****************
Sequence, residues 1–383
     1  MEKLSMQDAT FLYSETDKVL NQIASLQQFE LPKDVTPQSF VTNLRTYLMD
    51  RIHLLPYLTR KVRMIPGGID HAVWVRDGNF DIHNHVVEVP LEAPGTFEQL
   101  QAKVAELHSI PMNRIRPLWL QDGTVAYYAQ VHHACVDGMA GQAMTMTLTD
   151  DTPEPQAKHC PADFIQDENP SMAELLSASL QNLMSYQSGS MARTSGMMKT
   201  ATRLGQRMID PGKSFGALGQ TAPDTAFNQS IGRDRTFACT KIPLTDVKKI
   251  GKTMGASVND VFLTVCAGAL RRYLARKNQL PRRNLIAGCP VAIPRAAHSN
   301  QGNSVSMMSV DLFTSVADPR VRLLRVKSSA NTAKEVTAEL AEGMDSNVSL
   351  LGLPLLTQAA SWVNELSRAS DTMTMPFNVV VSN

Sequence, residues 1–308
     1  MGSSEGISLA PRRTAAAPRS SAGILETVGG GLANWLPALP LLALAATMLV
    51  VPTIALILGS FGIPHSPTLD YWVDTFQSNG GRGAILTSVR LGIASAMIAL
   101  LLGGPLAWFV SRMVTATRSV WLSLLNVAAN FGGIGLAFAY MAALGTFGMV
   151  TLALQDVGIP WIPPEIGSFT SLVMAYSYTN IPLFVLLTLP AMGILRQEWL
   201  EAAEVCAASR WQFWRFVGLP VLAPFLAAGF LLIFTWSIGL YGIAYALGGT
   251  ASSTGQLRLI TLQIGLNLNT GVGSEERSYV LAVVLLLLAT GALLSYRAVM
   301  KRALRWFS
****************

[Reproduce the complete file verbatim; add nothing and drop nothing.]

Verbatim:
Sequence, residues 1–383
     1  MEKLSMQDAT FLYSETDKVL NQIASLQQFE LPKDVTPQSF VTNLRTYLMD
    51  RIHLLPYLTR KVRMIPGGID HAVWVRDGNF DIHNHVVEVP LEAPGTFEQL
   101  QAKVAELHSI PMNRIRPLWL QDGTVAYYAQ VHHACVDGMA GQAMTMTLTD
   151  DTPEPQAKHC PADFIQDENP SMAELLSASL QNLMSYQSGS MARTSGMMKT
   201  ATRLGQRMID PGKSFGALGQ TAPDTAFNQS IGRDRTFACT KIPLTDVKKI
   251  GKTMGASVND VFLTVCAGAL RRYLARKNQL PRRNLIAGCP VAIPRAAHSN
   301  QGNSVSMMSV DLFTSVADPR VRLLRVKSSA NTAKEVTAEL AEGMDSNVSL
   351  LGLPLLTQAA SWVNELSRAS DTMTMPFNVV VSN

Sequence, residues 1–308
     1  MGSSEGISLA PRRTAAAPRS SAGILETVGG GLANWLPALP LLALAATMLV
    51  VPTIALILGS FGIPHSPTLD YWVDTFQSNG GRGAILTSVR LGIASAMIAL
   101  LLGGPLAWFV SRMVTATRSV WLSLLNVAAN FGGIGLAFAY MAALGTFGMV
   151  TLALQDVGIP WIPPEIGSFT SLVMAYSYTN IPLFVLLTLP AMGILRQEWL
   201  EAAEVCAASR WQFWRFVGLP VLAPFLAAGF LLIFTWSIGL YGIAYALGGT
   251  ASSTGQLRLI TLQIGLNLNT GVGSEERSYV LAVVLLLLAT GALLSYRAVM
   301  KRALRWFS